However, because of my ability to participate in decision making and thus have some control over my behaviour, I do have at least some control over my response to God Within. My experience of God Within does not obliterate my free will. I can, through my behaviour return to the universe the benevolence the universe has shown me or I can refuse to do so. In other words, if I decide to, I can do or not do unto others what is good and appropriate. I can nurture life just as my life has been nurtured or refuse to do so. I can, as part of an interdependent system, contribute or refuse to contribute. I can act responsibly with regard to all else or I can manipulate, abuse and destroy because it suits me or amuses me. I can regard all else as being there for me without any thought that I also have a responsibility to be there for all else.
Even though God Within is within, maybe supported in the New Testament by
‘All that came to be was alive with his life.’ (John 1:3)

God Beyond intrudes in my life as God Within. I don’t mean that the intrusion is from outside. I mean intrusion in terms of making a presence, which is already present, felt. Because I can involve myself in decision making, I can co-operate with this intrusion/influence or work against it. I can uncover it, let it be exposed or I can keep it suppressed, hidden and even inoperative. This is my experience.

God Within is expressed in many different ways in my living experiences.
When I pray, I am involved and God Within is my experience of God in me praying.
When I am thankful, I am involved and God Within is my experience of God in me being thankful.

When I love others, I am involved and God Within is my experience of God in me loving.
When I ask, seek, knock, I am involved and God Within is my experience of God in me doing these things.

When I do bad things, hurting others, I take responsibility for these and God Within is my experience of God in me being sad and wanting me to change, wanting me to listen to God Within and take heed.

With some ‘faithful reappraisal’, the Jesus Christ phenomenon gives me a picture of continuous human cooperation with God Within. Jesus is the story of what God Within is all about, what God Within looks like when continuously exposed, uncovered from within humanity, by conscious human decision.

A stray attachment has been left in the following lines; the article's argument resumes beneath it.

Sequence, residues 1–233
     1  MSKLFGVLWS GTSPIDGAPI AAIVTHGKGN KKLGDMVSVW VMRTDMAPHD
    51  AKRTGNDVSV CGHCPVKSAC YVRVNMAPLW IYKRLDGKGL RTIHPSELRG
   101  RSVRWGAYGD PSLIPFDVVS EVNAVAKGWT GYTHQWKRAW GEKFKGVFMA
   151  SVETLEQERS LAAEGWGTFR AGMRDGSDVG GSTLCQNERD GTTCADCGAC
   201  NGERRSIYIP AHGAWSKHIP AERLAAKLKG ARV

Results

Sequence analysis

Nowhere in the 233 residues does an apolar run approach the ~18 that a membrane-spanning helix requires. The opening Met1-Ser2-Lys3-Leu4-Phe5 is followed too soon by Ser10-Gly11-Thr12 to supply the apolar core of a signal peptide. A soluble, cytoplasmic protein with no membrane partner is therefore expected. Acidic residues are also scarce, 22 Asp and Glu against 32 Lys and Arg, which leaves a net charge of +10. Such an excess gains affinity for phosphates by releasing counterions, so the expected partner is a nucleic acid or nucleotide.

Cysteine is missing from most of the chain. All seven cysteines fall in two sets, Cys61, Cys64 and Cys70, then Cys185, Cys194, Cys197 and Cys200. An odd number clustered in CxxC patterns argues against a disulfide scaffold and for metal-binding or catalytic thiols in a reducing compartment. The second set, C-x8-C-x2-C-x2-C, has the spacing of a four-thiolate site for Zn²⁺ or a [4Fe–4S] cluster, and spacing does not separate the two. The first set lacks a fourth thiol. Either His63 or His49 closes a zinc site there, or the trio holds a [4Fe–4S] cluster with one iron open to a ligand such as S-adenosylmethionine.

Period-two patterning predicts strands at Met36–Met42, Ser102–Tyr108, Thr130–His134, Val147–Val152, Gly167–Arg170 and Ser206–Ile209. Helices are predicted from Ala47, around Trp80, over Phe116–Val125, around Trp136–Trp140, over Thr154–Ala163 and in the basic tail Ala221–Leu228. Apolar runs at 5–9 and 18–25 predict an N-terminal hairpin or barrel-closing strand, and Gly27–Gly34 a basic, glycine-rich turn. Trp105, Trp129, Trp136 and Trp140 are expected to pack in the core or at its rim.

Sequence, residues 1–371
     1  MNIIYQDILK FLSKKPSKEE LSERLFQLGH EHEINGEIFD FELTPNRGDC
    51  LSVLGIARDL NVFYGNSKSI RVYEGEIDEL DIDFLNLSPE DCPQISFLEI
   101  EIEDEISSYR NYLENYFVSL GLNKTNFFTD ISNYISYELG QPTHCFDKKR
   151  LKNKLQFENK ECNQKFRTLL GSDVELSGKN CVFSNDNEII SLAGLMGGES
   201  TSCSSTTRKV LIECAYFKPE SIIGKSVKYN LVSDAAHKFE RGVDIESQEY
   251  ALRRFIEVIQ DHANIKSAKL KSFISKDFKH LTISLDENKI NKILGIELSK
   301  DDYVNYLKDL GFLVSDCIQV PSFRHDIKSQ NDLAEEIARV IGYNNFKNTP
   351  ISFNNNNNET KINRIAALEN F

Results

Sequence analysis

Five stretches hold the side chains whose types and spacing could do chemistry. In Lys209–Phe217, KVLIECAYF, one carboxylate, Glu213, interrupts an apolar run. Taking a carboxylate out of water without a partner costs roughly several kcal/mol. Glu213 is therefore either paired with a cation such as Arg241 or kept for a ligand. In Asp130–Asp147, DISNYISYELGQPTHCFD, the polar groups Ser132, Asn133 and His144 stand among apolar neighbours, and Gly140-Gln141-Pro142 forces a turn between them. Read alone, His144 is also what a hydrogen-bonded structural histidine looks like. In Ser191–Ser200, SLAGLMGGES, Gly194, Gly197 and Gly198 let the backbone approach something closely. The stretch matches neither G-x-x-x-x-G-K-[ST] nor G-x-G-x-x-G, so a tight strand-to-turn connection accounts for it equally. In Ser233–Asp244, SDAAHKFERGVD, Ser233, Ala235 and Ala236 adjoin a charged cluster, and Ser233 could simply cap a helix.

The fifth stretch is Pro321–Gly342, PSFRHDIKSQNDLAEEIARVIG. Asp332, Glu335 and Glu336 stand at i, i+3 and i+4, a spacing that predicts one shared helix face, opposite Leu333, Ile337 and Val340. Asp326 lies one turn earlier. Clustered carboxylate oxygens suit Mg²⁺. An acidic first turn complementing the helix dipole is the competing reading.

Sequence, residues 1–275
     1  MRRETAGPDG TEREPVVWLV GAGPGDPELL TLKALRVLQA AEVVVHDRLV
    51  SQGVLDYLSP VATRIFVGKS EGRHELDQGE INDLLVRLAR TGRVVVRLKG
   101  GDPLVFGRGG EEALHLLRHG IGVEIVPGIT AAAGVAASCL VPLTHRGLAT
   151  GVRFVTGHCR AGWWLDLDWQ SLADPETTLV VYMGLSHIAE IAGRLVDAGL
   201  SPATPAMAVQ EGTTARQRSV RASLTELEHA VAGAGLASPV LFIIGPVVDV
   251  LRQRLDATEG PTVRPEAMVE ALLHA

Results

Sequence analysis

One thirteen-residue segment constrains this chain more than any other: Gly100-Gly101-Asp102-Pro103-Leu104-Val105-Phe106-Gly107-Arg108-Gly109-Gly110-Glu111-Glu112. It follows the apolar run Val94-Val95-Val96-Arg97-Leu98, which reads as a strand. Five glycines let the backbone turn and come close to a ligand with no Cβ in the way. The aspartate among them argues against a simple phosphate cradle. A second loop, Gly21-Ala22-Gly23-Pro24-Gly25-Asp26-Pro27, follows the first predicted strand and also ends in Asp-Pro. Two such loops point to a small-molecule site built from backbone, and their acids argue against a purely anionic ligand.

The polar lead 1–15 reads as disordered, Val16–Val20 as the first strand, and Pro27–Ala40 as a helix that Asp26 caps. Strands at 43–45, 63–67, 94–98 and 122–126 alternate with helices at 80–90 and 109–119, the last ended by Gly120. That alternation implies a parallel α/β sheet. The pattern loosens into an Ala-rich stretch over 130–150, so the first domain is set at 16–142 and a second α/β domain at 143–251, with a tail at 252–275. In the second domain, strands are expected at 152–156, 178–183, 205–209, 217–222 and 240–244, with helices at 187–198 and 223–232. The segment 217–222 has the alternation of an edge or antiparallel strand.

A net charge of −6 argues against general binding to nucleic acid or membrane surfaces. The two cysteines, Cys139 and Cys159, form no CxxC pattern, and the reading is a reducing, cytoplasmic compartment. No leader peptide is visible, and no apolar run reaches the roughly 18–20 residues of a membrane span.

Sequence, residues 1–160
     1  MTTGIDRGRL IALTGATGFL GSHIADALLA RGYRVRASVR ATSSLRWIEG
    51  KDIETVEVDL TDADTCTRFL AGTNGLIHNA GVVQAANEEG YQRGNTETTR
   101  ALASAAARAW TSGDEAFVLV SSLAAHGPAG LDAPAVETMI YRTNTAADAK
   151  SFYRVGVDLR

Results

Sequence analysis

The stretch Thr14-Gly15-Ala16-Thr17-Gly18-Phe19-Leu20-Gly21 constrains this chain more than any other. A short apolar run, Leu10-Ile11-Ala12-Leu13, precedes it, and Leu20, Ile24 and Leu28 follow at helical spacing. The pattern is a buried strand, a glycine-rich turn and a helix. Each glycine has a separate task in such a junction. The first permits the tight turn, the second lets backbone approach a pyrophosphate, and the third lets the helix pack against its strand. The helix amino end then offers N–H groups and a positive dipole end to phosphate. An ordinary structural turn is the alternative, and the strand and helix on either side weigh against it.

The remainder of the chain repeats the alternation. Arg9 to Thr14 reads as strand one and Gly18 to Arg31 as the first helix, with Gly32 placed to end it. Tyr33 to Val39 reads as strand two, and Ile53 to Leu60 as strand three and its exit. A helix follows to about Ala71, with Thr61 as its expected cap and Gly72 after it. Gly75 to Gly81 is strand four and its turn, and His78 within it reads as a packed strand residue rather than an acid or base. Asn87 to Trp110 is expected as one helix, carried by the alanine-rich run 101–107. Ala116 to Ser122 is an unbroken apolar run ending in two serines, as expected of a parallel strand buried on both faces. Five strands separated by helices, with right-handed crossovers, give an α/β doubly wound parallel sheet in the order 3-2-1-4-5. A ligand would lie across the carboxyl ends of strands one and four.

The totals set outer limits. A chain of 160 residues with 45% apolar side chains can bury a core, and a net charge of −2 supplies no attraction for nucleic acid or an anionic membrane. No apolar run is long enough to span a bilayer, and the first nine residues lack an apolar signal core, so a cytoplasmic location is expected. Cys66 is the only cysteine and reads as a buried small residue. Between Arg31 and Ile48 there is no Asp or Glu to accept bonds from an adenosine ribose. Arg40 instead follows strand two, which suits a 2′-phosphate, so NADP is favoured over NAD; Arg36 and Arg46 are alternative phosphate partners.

From my lyrics
My God is in Jesus
My God is in Jesus; the gospel is telling
The story of one who was servant of all;
Whose love and compassion, so rich and so compelling,
Restores the broken-hearted, supports those who fall.
My God is in Jesus, who shares all our living;
From inside our being we know he is kind.
Compassion displayed in the power of his giving;
My God is in Jesus. Real love is defined.

God Within has free reign in Jesus. This is why Jesus is still so central to my beliefs. When I think of God Within I immediately think of what Jesus said and did, of how he lived, loved and died and how he continues to be alive for me and many others. I think this might be what some of the passages in John’s gospel are about. The gospel writer relates Jesus having a conversation with his disciples. As I have said previously, the writer has Jesus saying, ‘Believe me when I say that I am in the Father and the Father in me.’ (John 14:11a.) This, I think, is the gospel writer saying for Jesus what I am trying to say for me and all humanity. The Father is ‘in’ us or God is ‘in’ us; God Within.

Jesus is the historical person around whom many faith statements have been uttered and thankfully many have been preserved in the four biblical gospels; there for all of us to read. Some of these memories were embellished and some were eventually set in concrete, in church dogma and doctrine. This complex of the historical person together with the faith statements about him has evolved into what many ordinary church-goers understand as Jesus Christ. The Jesus of History and the Christ of Faith are so entwined now that it is nearly impossible to separate the two. As Greg Jenks, in his book Jesus Then and Jesus Now says,
No critical research will ever succeed in capturing the historical Jesus.
That no longer concerns me. Together they form the complex that calls me to follow. I try to. I have more to say about this in a later section about Jesus.
When the gospel writer in has Jesus saying, ‘He who has seen me has seen the Father.’ (John 14:9b.) I believe he is saying that Jesus’ life is to be seen as the picture of a continuous and total co-operation with God Within. Jesus totally exposes, uncovers God Within, so we are able to see the Father when looking at him. This belief about Jesus makes him very available.

As the Second Person of the orthodox Trinity, who is seated at God’s right hand making continuous intercession for humanity, even metaphorically, is quite unhelpful to me now. It emphasizes separation, the away-ness of God. This is why I dislike the lyrics of traditional Christmas carols so much. They speak of this separated God making a fleeting visit to Earth from who knows where, in the human form of Jesus. I wish to speak of the welling up from within humanity of God Within. This presents a different perspective than that which is presented in the traditional Christmas carols.

From my lyrics
God lives within humanity
God lives within humanity;
What joy at Bethlehem we see;
Quietly born amongst the hay;
We recall good news today.